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Why Jim Harbaugh Will Succeed at Michigan

by Photo of Ross Bernhardt

Harbaugh just became the Wolverines head coach, and here’s why it’s a great fit.

Why Jim Harbaugh Will Succeed at Michigan

It's the most exciting time of the football calendar. The best bowl games are coming up in the college postseason, including the first ever College Football Playoff. The NFL postseason is kicking off this week with big Wild Card Weekend games in the AFC and NFC.

But the biggest news that is dominating the football landscape is now former San Francisco 49ers coach Jim Harbaugh becoming the next coach of the Michigan Wolverines.

It's a high-profile move that saw one of the most in-demand coaches go from the pro ranks back to college, but after a couple weeks of speculation, the deal was finally made official today and Harbaugh held his introductory press conference in Ann Arbor. On paper it looks like a slam dunk, and if you look at Harbaugh's track record, all indications point to this being a slam dunk hire by the Wolverines.

The biggest reason Harbaugh is going to succeed at Michigan is because he has succeeded everywhere he has been. Harbaugh took over the Stanford Cardinal back in 2007 following a 1-11 season in 2006. In just four years, the Cardinal were a 12-1 team and took down Virginia Tech in the Orange Bowl. They experienced just two losing seasons before becoming bowl eligible in his third year, and at that point he had Stanford back on track to return as a college football power. In four years, Harbaugh went 29-21, but finished his final two seasons with a 20-6 mark.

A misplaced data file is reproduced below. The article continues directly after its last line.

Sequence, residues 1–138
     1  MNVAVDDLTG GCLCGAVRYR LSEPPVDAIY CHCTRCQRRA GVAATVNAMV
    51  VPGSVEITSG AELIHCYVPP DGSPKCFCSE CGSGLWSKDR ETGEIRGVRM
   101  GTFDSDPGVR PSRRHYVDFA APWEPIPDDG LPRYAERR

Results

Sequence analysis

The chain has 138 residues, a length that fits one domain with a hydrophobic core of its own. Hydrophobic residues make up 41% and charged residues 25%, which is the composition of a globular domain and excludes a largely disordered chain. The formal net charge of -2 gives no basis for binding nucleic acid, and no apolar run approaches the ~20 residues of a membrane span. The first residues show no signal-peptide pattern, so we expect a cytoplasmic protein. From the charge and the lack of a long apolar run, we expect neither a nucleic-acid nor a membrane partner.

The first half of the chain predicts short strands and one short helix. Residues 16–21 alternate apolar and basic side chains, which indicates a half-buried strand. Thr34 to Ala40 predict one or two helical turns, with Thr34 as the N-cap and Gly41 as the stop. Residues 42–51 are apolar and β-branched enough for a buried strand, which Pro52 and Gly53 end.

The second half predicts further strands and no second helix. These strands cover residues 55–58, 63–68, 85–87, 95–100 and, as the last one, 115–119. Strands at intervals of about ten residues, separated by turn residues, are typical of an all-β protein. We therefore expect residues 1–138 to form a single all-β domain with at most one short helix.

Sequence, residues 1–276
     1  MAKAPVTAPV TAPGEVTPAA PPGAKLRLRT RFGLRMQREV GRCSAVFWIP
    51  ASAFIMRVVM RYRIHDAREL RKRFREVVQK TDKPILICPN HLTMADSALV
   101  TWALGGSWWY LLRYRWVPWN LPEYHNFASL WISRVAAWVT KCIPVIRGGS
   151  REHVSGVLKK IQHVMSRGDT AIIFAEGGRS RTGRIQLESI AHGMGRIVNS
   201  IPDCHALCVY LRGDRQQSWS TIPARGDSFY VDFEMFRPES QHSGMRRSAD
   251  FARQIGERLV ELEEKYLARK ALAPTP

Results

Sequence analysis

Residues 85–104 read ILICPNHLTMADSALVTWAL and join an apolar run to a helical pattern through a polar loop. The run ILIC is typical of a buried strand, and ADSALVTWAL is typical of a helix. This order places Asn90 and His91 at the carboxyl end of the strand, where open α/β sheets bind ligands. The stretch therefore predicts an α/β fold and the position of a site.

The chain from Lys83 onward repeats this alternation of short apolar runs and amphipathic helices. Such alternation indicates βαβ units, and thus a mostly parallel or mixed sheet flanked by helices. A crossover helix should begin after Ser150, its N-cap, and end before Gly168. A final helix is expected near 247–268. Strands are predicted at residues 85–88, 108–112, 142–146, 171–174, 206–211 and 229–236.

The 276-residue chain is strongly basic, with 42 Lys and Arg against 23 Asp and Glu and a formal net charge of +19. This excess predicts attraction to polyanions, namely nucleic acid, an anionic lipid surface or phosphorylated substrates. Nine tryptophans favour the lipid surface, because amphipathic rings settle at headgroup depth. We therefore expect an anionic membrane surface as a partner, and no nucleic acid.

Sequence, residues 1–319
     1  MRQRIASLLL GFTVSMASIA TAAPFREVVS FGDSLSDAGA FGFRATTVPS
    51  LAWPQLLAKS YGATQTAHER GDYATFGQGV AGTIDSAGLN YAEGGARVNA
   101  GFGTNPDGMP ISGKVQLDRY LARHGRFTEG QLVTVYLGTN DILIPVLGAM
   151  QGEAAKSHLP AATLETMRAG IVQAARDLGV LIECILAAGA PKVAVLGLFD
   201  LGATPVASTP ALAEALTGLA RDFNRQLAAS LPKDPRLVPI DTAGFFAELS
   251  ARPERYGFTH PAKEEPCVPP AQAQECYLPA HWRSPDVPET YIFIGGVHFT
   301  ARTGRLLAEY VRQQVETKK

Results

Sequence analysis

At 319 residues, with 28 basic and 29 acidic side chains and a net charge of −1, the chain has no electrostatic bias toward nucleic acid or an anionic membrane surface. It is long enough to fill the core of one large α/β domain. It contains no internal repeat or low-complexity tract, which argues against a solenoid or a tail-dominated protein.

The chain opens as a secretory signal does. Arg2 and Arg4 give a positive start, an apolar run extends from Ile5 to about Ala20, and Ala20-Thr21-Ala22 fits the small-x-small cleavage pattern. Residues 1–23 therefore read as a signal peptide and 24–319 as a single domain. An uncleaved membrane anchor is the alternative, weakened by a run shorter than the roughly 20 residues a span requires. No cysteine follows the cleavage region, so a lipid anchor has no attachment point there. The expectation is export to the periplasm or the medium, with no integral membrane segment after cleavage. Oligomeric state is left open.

After that 2010 season, Harbaugh took over a San Francisco 49ers team that went 6-10 the year prior. In his first season, the Niners went 13-3. The next year, they made the Super Bowl where they came close to beating the Baltimore Ravens. While the 49ers had a rough 8-8 season in 2014, Harbaugh still finished his four years with a 44-19-1 record, three playoff appearances and a Super Bowl appearance. Harbaugh wins football games, no matter where he is, and the Michigan team he's inheriting won't be as bad as the Stanford team he inherited back in 2006.

Harbaugh, a Michigan alum and former star quarterback for the university, will also have more resources at his disposal in Ann Arbor than he did at Stanford. According to 2012-2013 revenue reports, the football budget at Michigan was roughly $23 million, almost $5 million more than the budget was at Stanford during the 2010 season. Seeing that the football team brings in nearly four times its budget, an increase in football spending could easily be foreseen, especially when rival Ohio State spends close to $35 million annually on the football team.

The other advantage Harbaugh will have is in recruiting. Michigan has always been a great destination for recruits, but with Harbaugh on board it becomes even more desirable. Harbaugh already has a great track record in producing NFL talent at Stanford (Andrew Luck, Richard Sherman, etc.). Now with the allure of the Big Ten and playing for one of the more illustrious programs in the nation for one of the top coaches, it's hard to see why players wouldn't want to head to Michigan. Even before the hire was made official, 2015 and 2016 recruits were already buzzing about the move on social media. Harbaugh won't have any trouble attracting some of the best players in the nation, and that means Michigan won't be down for very long.

The marriage of Jim Harbaugh and the Michigan Wolverines seems like one that can last longer than his previous four-year stints in Stanford and San Francisco. He has more history in Ann Arbor than in those places, and the chance to cement a legacy there really makes me believe this will work for both Harbaugh and the Wolverines. Either way, the Big Ten just got a whole lot more exciting.

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